Figure 6
Neutralization of IL-4 in WSX-1-/- mice early in infection enhances resistance. Mice infected intradermally with L. major NIH/Sd were given weekly injections of neutralizing antibody to IL-4, beginning one day prior to infection and then weekly during ...

IL-27-independent IL-10 in WSX-1-/- is sufficient to inhibit the effector response

While IL-10 from T cells was significantly reduced in WSX-1-/- mice, its production may still have been sufficient to inhibit the effector response and prevent parasite clearance. To determine this, infected mice were treated with blocking antibody against the IL-10 receptor for a period of three weeks, beginning at six weeks post infection, and examined at 10 weeks. As previously described (12), anti-IL-10R treated C57BL/6 mice exhibited a significantly lower parasite burden (~100 fold) compared to control treated mice (Fig. 7A). WSX-1-/- mice receiving the same regimen also had a significantly reduced parasite burden, though not as great as C57BL/6 mice (~10 fold). Additionally, anti-IL-10R treated WSX-1-/- mice had an increase in lesion pathology compared to the control group (Fig. 7B), revealing that the IL-10 in WSX-1-/- mice can function to suppress pathology independently of IL-27. Treated C57BL/6 mice did not display increased pathology compared to controls. Cytokine analysis of WSX-1-/- lesions revealed an increase in the proportion of CD4+ cells producing IFN-γ (22.5% vs. 39.9%) (Fig. 7C), demonstrating that the IL-10 produced in the WSX-1-/- mice, while significantly reduced compared to C57BL/6 mice, was still sufficient to inhibit the effector response, particularly in the context of the shift in the Th1/Th2 balance that results from the absence of IL-27 signaling. Importantly, the frequency of IL-17+CD4+ cells in WSX-1-/- mice was unchanged following treatment, suggesting that, in the context of a mixed Th1/Th17 response, IL-10 functions preferentially to suppress Th1 cells.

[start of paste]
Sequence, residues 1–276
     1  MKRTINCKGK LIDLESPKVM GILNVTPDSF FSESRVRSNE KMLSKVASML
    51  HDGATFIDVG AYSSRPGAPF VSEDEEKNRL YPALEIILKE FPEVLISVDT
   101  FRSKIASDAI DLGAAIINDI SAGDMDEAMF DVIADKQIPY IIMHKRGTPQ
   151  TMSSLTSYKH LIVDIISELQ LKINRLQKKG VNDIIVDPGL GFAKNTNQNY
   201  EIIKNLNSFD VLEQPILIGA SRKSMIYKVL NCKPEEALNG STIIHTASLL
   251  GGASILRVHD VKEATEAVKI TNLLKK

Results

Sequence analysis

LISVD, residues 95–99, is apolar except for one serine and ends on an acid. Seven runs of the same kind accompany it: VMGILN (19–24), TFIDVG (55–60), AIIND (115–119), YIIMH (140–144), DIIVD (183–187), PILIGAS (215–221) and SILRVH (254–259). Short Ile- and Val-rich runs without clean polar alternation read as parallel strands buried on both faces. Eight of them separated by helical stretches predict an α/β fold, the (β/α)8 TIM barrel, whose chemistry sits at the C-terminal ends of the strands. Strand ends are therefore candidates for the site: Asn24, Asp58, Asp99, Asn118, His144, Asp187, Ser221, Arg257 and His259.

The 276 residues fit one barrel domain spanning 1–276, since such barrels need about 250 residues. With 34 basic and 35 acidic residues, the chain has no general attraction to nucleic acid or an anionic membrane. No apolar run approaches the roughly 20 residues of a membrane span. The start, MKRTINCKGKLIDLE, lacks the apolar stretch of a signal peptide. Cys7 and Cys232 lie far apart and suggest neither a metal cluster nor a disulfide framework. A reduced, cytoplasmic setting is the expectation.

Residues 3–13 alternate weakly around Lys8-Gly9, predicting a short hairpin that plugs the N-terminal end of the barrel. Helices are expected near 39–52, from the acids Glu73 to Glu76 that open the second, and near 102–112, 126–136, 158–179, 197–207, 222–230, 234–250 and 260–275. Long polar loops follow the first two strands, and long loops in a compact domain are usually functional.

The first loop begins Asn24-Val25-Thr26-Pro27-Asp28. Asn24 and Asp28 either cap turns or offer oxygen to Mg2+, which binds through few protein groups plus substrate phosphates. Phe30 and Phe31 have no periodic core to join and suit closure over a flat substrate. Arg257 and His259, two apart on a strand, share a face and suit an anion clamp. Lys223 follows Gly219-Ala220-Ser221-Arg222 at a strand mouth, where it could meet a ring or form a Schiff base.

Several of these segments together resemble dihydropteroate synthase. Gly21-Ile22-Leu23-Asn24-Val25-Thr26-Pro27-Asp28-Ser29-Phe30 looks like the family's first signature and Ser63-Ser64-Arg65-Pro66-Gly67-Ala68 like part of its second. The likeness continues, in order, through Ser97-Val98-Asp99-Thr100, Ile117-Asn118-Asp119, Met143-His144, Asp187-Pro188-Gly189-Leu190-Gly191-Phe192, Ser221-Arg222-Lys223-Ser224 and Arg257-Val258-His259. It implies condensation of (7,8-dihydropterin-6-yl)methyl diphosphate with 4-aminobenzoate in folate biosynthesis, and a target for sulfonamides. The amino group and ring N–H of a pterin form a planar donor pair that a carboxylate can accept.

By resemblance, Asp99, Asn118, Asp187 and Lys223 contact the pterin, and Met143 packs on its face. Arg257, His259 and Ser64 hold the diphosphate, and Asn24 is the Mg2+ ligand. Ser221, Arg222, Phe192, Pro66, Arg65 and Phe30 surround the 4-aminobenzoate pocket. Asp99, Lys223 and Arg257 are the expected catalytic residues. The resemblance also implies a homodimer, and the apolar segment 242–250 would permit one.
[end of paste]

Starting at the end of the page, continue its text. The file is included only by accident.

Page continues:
Figure 7
IL-10 produced independently of IL-27 is sufficient to inhibit microbicidal activity. Chronically infected mice were treated with anti-IL-10R antibody once a week for a period of three weeks beginning at 6 weeks post-infection, and then sacrificed one ...

To determine if the inability of the anti-IL-10R treatment to more efficiently clear parasites from the chronic lesions in the WSX-1-/- mice was due to the continued influence of upregulated IL-4, IL27Ra-/- mice were co-injected with anti-IL10R and anti-IL-4 antibodies beginning at six weeks post-infection. Of note, the IL27R sufficient mice used in this experiment were generated from IL27Ra+/+ littermates backcrossed to C57BL/6 mice, rather than the C57BL/6 wild type mice used in the previous experiments. The comparison of lesion scores again revealed significant exacerbation of the dermal pathology in the IL27Ra-/- mice compared to IL27Ra+/+ mice beginning at four weeks post-infection (Fig. 8A). Following five bi-weekly injections, the parasite burdens in the lesions failed to reveal an additive effect of the combined anti-IL-4/IL-10R treatment, with each treatment group showing a comparable 10-20 fold reduction in the number of parasites in the site relative to the control treated mice (Fig 8B). Of note, the reduced parasite loads in the control treated IL27Ra+/+ compared to the control treated IL27Ra-/- mice, while not significant, may reflect the comparison in this experiment with the more appropriate backcrossed mice.